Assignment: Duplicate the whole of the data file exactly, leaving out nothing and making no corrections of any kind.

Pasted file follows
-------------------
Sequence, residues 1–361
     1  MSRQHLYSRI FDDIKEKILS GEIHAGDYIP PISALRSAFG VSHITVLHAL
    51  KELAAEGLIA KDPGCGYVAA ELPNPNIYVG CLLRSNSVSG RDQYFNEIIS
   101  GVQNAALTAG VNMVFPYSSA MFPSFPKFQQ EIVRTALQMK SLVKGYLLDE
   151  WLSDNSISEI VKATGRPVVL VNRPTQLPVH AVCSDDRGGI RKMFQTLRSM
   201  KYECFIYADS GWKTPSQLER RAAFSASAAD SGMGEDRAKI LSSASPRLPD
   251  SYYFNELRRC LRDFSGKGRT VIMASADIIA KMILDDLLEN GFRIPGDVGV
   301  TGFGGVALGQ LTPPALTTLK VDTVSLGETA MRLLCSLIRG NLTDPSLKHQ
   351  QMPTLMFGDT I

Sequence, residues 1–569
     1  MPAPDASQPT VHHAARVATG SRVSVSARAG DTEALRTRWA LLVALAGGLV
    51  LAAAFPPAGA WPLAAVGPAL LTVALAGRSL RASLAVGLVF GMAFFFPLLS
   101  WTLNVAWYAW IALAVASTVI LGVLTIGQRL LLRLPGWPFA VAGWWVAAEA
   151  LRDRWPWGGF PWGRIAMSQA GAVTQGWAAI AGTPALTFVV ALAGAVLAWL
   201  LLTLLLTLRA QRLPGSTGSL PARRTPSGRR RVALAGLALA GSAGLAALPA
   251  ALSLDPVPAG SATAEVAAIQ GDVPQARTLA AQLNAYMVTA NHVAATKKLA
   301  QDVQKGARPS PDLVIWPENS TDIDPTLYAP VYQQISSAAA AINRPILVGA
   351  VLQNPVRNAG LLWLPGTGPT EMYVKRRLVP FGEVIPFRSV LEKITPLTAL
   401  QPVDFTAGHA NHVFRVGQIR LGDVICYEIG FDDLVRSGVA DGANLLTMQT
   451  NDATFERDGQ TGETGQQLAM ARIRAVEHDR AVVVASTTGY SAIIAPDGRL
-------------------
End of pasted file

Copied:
Sequence, residues 1–361
     1  MSRQHLYSRI FDDIKEKILS GEIHAGDYIP PISALRSAFG VSHITVLHAL
    51  KELAAEGLIA KDPGCGYVAA ELPNPNIYVG CLLRSNSVSG RDQYFNEIIS
   101  GVQNAALTAG VNMVFPYSSA MFPSFPKFQQ EIVRTALQMK SLVKGYLLDE
   151  WLSDNSISEI VKATGRPVVL VNRPTQLPVH AVCSDDRGGI RKMFQTLRSM
   201  KYECFIYADS GWKTPSQLER RAAFSASAAD SGMGEDRAKI LSSASPRLPD
   251  SYYFNELRRC LRDFSGKGRT VIMASADIIA KMILDDLLEN GFRIPGDVGV
   301  TGFGGVALGQ LTPPALTTLK VDTVSLGETA MRLLCSLIRG NLTDPSLKHQ
   351  QMPTLMFGDT I

Sequence, residues 1–569
     1  MPAPDASQPT VHHAARVATG SRVSVSARAG DTEALRTRWA LLVALAGGLV
    51  LAAAFPPAGA WPLAAVGPAL LTVALAGRSL RASLAVGLVF GMAFFFPLLS
   101  WTLNVAWYAW IALAVASTVI LGVLTIGQRL LLRLPGWPFA VAGWWVAAEA
   151  LRDRWPWGGF PWGRIAMSQA GAVTQGWAAI AGTPALTFVV ALAGAVLAWL
   201  LLTLLLTLRA QRLPGSTGSL PARRTPSGRR RVALAGLALA GSAGLAALPA
   251  ALSLDPVPAG SATAEVAAIQ GDVPQARTLA AQLNAYMVTA NHVAATKKLA
   301  QDVQKGARPS PDLVIWPENS TDIDPTLYAP VYQQISSAAA AINRPILVGA
   351  VLQNPVRNAG LLWLPGTGPT EMYVKRRLVP FGEVIPFRSV LEKITPLTAL
   401  QPVDFTAGHA NHVFRVGQIR LGDVICYEIG FDDLVRSGVA DGANLLTMQT
   451  NDATFERDGQ TGETGQQLAM ARIRAVEHDR AVVVASTTGY SAIIAPDGRL